9. Erin: “You can’t marry an Orangeman, Michelle!” (Season 1, Episode 5)
An Orangeman is “a member of the Orange Order, a Protestant political society in Northern Ireland.” So, Erin is quite right: Michelle, an Irish Catholic, shouldn’t marry an Orangeman because it would be extremely sacrilegious.
10. Ma Mary: “We need to shift ourselves. We’re the last Fenians standing.” / Granda Joe: “Relax, love, we’ve a good two or three hours before the rioting starts.” (Season 1, Episode 5)
Once again, Ma Mary mentions “Fenians,” and it’s a takeback of the religious slur and turning it into self-acceptance. Granda Joe mentions they have “a good two or three hours before the rioting starts,” alluding to the IRA’s dependence on violence when caused by the Orangemen.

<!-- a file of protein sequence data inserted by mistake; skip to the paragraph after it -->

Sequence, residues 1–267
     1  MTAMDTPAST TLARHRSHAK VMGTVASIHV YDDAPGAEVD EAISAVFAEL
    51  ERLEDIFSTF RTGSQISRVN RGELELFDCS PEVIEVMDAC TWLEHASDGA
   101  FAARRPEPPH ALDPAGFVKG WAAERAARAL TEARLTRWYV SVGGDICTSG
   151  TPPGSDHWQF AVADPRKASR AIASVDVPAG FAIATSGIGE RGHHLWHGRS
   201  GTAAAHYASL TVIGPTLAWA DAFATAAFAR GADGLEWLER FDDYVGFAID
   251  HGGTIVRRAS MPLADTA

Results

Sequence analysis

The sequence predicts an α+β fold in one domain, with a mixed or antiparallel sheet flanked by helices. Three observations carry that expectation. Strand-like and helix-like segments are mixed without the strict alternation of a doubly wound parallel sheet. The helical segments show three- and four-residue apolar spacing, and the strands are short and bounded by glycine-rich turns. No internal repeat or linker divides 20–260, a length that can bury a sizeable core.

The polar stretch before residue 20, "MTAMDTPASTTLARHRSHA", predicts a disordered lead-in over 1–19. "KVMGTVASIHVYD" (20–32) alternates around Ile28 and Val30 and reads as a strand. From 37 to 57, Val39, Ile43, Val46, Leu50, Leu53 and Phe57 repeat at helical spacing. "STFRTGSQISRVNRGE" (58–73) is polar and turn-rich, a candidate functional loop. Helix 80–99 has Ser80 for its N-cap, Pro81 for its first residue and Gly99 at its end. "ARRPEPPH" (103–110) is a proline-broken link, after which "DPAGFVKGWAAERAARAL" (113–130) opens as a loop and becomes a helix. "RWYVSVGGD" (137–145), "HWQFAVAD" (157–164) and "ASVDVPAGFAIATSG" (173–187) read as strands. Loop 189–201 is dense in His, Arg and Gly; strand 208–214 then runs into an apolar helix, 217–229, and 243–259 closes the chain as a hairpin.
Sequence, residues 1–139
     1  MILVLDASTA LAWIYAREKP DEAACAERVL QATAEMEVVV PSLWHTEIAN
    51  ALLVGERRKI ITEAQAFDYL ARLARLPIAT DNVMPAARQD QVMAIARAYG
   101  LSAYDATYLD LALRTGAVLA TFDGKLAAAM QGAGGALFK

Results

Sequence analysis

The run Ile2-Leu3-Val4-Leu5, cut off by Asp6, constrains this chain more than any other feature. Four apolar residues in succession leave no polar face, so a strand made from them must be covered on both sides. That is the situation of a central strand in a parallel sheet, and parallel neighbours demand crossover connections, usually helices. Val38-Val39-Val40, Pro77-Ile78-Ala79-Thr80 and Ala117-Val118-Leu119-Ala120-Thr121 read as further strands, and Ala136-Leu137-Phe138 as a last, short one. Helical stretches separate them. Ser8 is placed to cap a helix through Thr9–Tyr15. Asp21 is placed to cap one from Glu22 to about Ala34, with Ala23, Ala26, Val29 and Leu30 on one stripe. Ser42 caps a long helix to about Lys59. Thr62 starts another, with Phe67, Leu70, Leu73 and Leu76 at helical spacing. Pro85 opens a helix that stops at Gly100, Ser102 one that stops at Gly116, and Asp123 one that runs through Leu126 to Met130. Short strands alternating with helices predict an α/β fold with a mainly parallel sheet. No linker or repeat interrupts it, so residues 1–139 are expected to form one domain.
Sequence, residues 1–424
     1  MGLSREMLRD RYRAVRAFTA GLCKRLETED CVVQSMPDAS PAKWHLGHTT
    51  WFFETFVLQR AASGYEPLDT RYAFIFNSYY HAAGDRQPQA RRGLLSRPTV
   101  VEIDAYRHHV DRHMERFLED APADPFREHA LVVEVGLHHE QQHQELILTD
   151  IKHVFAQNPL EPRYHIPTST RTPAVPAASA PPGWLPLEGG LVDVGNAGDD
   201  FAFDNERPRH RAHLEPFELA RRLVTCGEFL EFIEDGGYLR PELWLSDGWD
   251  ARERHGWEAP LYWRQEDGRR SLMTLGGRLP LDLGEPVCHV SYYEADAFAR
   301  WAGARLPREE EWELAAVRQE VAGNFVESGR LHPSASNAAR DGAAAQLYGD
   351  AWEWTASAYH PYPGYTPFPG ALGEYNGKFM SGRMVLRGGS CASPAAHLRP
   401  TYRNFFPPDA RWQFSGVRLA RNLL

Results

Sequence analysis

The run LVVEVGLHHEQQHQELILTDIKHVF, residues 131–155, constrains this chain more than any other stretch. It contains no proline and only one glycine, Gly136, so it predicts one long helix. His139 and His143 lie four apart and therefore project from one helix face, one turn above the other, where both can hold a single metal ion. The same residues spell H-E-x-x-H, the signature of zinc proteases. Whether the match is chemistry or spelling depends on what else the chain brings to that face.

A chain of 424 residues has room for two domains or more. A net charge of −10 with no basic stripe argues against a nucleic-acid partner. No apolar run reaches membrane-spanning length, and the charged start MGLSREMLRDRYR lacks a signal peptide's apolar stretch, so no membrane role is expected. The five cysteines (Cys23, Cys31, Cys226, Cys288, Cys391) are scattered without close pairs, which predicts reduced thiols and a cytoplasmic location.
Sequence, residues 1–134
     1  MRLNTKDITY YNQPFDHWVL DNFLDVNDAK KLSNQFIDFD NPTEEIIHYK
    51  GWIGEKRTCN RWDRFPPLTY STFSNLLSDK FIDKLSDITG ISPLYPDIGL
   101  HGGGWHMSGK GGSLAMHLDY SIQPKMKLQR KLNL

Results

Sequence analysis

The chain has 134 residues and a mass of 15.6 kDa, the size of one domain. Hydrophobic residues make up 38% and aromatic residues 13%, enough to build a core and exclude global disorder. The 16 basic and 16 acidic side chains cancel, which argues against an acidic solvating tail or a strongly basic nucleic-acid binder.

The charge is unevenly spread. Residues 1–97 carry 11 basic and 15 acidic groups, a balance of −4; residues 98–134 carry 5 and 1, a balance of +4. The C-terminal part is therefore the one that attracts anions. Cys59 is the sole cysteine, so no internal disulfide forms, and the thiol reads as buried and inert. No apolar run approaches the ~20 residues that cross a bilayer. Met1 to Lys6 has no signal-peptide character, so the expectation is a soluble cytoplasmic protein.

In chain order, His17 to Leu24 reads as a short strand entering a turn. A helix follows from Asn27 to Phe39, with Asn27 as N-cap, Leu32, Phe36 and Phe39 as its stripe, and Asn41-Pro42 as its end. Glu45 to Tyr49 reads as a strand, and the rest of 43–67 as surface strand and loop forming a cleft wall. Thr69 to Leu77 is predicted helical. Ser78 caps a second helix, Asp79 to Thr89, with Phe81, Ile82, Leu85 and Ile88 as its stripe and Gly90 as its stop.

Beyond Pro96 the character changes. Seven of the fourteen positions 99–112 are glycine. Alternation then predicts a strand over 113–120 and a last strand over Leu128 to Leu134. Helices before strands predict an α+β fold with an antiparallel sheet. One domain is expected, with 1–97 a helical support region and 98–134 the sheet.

11. Ma Mary: “The only crime I ever committed was to be born a Catholic.” (Season 1, Episode 6)
This Derry Girls quotation is also self-explanatory to the max. From a Northerner’s point-of-view, especially that of a Catholic, their religion is often blamed to be “at fault” for roiling tensions with the Protestants and further fueling the Troubles. Ma Mary’s gallows humour of committing a crime in the form of being a Catholic is an internal wish to stop the political and religious divisions between the two.
12. Da Gerry: “They’re rifles! I don’t understand what connection golf clubs, spatulas, or stilts would have to the Irish resistance!” (Season 1, Episode 6)